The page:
Endangered Migrations

Just as scientists are beginning to answer basic questions about migration, many migratory birds and other animals are in trouble

03-15-2010 // NWF Staff
Snow Geese

Are you starting to see some of your favorite birds come back from their wintering grounds? As the seasons change, many bird species come and go in the natural phenomenon of migration. Today, scientists are just beginning to answer some of the most basic questions about migration. But a shadow hangs over their research: Many migratory birds---and other migratory animals--are in trouble.

MIGRATION BASICS

What is migration?  Many creatures wander, but only some are true migrants. Most biologists define migration as repeated seasonal movement between breeding and non-breeding grounds by the same individuals.

How far do birds migrate? Thanks to tracking devices, we now know the astounding distances that some migrating species travel. For sheer distance, nothing beats migrating birds. Sooty shearwaters astonished scientists by flying more than 40,000 miles in a loop from New Zealand to Chile, Japan, Alaska and California before a trans-Pacific trip back to New Zealand. The birds averaged more than 200 miles per day for 200 days.

Longest Known Non-stop Bird Flight: The real migration champ was a bar-tailed godwit that flew 6,340 miles nonstop between New Zealand and North Korea, where it rested briefly before continuing nearly a thousand additional miles to its breeding grounds in Alaska.

HOW DO BIRDS FIND THEIR WAY?

There are a range of techniques migrating birds use to navigate:

Earth’s magnetic field: This was discovered by a series of experiments in the mid-1970s which reversed magnetic fields around songbirds, triggering them to fly the wrong direction. It is now known that some 50 species including birds follow magnetic pathways.
*Circadian clocks: innate temporal rhythms in the biochemical, physiological or behavioral processes of all living things, from plants to birds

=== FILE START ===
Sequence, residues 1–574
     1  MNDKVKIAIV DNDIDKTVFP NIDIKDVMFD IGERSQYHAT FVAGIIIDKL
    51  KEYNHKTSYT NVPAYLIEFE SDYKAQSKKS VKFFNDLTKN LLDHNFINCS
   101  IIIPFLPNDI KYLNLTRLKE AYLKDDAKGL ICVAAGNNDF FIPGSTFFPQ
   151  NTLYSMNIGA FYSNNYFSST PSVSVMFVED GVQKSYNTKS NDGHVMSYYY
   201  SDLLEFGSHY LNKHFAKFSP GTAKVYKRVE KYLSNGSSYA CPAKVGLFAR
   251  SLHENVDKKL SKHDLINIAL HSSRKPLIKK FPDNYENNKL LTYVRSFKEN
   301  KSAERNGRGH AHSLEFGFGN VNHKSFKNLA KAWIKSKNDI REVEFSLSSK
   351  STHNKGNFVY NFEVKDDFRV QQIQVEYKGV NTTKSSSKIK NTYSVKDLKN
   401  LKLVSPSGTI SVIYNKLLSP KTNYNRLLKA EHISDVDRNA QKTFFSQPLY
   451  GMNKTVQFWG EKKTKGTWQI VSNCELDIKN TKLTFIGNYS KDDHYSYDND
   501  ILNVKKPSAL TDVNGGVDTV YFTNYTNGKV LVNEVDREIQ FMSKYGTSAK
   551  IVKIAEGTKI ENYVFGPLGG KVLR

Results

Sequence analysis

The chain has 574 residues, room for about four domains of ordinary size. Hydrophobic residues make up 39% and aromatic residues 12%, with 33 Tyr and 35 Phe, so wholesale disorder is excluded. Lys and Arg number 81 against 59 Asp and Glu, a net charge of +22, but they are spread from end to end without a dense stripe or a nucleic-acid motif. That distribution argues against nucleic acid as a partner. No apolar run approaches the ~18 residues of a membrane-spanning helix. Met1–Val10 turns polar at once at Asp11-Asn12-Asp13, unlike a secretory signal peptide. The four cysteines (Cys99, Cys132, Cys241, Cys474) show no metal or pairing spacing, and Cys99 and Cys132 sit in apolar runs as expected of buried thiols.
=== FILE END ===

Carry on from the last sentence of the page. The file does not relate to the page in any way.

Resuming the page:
*Internal compasses: Using the sun or stars as a compass to determine direction
*Smells: Some birds, including pigeons, use olfactory clues to find their way.
*Geographical features such as mountain ranges and coastlines. Most migrants seem to rely on a combination of these techniques depending on conditions.

WHY SCIENTISTS NEED TO UNDERSTAND MIGRATION
“The nonbreeding season drives a lot of what happens during rest of the annual cycle,” says Peter Marra, a research scientist at the Smithsonian Migratory Bird Center at the National Zoo. That cycle’s middle stages—the actual travel—remain terra incognita to scientists. The sheer number of habitats used at different points during migration presents a formidable challenge to conserving migratory birds.

NEW TECHNOLOGIES TO STUDY MIGRATION
The recently announced ICARUS Initiative will launch a satellite devoted to migratory animals and develop tiny, powerful transmitters that will allow researchers to follow creatures as small as insects across broad stretches of time and space.

WHAT ARE THE THREATS TO MIGRATORY BIRDS?
*Habitat loss and degradation. The habitats of migratory species nearly everywhere are under pressure from deforestation, farming and expanding human populations. Human-made obstacles also hinder travel. In many cities, skyscrapers, for example, kill migratory songbirds.
Global warming.  Researchers are reporting new behaviors among migratory animals worldwide that may stem from changing climate—shifts in breeding ranges, mistiming of cues and departures, for example. “Since the wintering habitats are changing at different rates than more northerly habitats, things can get really of out sync,” says the Smithsonian’s Marra.

Out of whack: In the Netherlands, some populations of pied flycatcher have crashed because the birds are arriving from African wintering grounds too late to feast on a once predictable bounty of caterpillars. Higher springtime temperatures in Europe are causing the insects to hatch earlier than they once did.

CAN MIGRANTS ADAPT?
No one knows. Recently, some birds have shown flexibility by changing routes or timing or breeding sites in response to new environmental conditions. In the Midwest, for instance, ducks are arriving later in the fall and resting longer before continuing south, perhaps in response to higher temperatures.

Along the east coast of Massachusetts, where temperatures are rising and the insects on which birds feed on hatching sooner, 8 of 32 migratory songbirds looked at have begun arriving earlier from their wintering grounds—primarily species that winter in the southern United States as opposed to farther away in the Tropics.

 “But I think it would be dangerous to assume that all species can adapt,” says Princeton University ecologist David Wilcove. As Wilcove writes in his book No Way Home: The Decline of the World’s Great Animal Migrations, “The irony is that just as the phenomenon of migration is slipping away, we are entering a golden age for studying it.”

Adapted from "Perilous Journeys" by Steve Kemper, National Wildlife, October/November 2008.

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